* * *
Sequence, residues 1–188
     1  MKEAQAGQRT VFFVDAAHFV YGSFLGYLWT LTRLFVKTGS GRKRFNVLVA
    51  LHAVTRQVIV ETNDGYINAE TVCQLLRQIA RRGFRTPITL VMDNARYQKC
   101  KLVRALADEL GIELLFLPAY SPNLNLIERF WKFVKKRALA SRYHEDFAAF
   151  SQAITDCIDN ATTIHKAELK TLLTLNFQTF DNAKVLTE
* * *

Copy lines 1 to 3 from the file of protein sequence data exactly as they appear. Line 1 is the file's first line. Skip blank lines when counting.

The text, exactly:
Sequence, residues 1–188
     1  MKEAQAGQRT VFFVDAAHFV YGSFLGYLWT LTRLFVKTGS GRKRFNVLVA
    51  LHAVTRQVIV ETNDGYINAE TVCQLLRQIA RRGFRTPITL VMDNARYQKC